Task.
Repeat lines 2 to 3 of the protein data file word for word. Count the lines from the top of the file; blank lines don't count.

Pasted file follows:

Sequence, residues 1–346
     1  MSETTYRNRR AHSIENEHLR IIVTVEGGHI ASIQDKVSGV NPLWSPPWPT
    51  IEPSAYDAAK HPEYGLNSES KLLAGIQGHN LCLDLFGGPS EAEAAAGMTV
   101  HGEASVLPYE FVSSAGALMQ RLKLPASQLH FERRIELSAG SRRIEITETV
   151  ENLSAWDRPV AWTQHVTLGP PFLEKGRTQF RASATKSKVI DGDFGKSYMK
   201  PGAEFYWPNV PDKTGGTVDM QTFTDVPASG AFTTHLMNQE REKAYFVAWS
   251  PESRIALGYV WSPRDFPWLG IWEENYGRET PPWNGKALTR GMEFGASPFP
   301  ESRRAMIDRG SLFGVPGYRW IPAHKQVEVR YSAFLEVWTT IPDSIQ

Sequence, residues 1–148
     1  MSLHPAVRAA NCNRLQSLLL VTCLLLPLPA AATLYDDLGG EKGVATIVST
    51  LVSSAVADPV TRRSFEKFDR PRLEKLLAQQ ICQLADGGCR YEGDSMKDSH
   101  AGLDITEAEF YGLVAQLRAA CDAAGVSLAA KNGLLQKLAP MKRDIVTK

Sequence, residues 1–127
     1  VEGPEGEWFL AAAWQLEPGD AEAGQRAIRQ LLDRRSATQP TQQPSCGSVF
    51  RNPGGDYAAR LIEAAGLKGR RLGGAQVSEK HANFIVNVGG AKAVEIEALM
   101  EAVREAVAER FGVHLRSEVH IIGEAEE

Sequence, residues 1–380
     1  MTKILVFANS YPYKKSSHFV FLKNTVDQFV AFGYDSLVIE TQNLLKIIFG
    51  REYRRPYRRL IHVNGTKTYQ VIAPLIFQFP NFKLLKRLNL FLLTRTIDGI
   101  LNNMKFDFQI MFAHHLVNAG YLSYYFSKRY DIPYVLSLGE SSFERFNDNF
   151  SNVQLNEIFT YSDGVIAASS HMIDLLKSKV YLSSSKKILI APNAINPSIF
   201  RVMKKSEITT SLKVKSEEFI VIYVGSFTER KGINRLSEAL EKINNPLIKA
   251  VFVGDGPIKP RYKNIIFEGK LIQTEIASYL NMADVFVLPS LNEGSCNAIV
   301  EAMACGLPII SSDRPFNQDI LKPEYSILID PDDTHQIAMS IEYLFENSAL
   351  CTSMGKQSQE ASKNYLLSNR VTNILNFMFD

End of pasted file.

     1  MSETTYRNRR AHSIENEHLR IIVTVEGGHI ASIQDKVSGV NPLWSPPWPT
    51  IEPSAYDAAK HPEYGLNSES KLLAGIQGHN LCLDLFGGPS EAEAAAGMTV